President Museveni will officially launch the Uganda National Dialogue Process on November 21, the Inter-Religious Council of Uganda, which is spearheading the process, announced in a statement yesterday.
According to the statement, the launch will focus on three outcomes: it will formally adopt the Uganda National Dialogue process framework paper, which sets out the agenda and modalities for the dialogue; thematic working groups will be set up will focus on the agreed dialogue agenda themes; and lastly, it will authorise the planned formal nation-wide citizens’ consultations to take place in all the sub-regions of the country.
“The cardinal principal governing participation in the Uganda National Dialogue processes is to ensure that as many segments of Ugandan society as possible, are represented in the different aspects of the process,” read part of the statement.
The statement said the design of the dialogue process is premised on the fundamental belief that national diversity is an asset rather than a problem.
“The convening organisations will determine the number of delegates to be invited to the dialogue at both regional and national levels. Representation will be based on a pre-determined base number plus, an additional number of 2 delegates allocated to the respective segment at both regional and national levels,” reads part of the statement signed by Mufti Shaban Mubajje, the chair of the council of presidents of IRCU and Justice James Ogoola, the chair of Elders Forum Uganda.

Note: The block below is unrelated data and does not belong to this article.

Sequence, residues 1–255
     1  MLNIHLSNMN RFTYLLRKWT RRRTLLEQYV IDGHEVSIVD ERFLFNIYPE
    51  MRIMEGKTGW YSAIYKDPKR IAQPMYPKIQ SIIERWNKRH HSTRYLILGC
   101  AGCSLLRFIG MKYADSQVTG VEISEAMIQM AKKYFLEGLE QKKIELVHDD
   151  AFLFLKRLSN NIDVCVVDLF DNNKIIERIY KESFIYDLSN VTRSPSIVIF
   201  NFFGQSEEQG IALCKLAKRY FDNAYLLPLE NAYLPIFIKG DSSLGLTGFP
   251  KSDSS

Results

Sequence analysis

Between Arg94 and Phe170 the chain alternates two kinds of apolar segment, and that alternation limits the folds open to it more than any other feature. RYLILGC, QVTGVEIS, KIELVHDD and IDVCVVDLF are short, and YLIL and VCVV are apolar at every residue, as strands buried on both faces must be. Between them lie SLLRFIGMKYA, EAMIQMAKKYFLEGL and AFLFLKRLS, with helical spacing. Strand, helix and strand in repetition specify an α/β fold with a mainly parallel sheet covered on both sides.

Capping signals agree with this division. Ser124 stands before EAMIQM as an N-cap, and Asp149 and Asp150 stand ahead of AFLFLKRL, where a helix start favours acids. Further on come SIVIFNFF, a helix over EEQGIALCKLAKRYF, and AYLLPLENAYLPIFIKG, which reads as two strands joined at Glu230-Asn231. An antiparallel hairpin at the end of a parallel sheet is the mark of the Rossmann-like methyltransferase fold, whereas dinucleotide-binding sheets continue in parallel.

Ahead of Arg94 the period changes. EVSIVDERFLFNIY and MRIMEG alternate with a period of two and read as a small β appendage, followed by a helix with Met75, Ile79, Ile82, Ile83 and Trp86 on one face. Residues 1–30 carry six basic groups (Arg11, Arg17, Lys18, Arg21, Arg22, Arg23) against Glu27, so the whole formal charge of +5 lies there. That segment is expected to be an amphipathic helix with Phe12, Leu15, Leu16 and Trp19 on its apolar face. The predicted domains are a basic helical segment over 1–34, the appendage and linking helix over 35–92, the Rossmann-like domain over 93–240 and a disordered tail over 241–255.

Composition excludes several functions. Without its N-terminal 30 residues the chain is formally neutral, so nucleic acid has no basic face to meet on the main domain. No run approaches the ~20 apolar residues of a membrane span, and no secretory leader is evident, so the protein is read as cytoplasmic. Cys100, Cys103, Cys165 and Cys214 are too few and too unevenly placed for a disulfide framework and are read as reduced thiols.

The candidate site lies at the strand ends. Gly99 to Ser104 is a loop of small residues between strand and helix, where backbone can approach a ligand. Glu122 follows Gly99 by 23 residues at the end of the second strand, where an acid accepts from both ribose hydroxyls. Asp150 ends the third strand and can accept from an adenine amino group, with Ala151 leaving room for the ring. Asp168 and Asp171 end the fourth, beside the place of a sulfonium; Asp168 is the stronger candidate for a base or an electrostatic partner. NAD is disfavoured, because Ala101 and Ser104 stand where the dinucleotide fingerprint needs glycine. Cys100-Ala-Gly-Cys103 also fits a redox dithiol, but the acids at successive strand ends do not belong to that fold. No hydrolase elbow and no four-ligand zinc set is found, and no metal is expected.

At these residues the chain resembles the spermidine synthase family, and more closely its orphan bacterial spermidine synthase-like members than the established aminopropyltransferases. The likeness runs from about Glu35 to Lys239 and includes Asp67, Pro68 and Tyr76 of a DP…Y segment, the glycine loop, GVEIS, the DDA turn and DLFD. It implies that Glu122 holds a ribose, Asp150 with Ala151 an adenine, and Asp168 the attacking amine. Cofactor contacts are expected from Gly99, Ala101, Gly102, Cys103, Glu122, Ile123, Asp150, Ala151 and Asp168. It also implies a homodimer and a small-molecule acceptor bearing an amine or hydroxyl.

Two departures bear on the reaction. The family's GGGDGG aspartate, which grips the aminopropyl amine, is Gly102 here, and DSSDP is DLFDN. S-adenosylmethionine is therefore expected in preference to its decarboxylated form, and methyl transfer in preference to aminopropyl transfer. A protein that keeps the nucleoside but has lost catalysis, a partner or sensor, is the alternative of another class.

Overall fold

The statement says that formal participation will be limited to: representatives of the regions and districts recognised at independence in 1962, registered political party organisations, institutionalized religious leaders, recognised traditional and cultural institutions, Parliament of Uganda, Government officials professional bodies, academia, media, business community and informal business associations.
Others will be: children, youth and students, people with disabilities, veterans, senior citizens, Uganda local government association, Uganda urban authorities association, Ugandans in the diaspora, performing artistes and entertainers, sports fraternity, workers organizations, charity organizations, and observers from the diplomatic missions, development partners and East African Community, African Union, Commonwealth, United Nations, and international community.
The dialogue process is designed as a citizen-owned and citizen-driven process.
“Citizens will participate through a series of formal and informal discussions, focus group meetings, debates, memoranda, traditional and social media and newspaper articles,” reads part of the statement.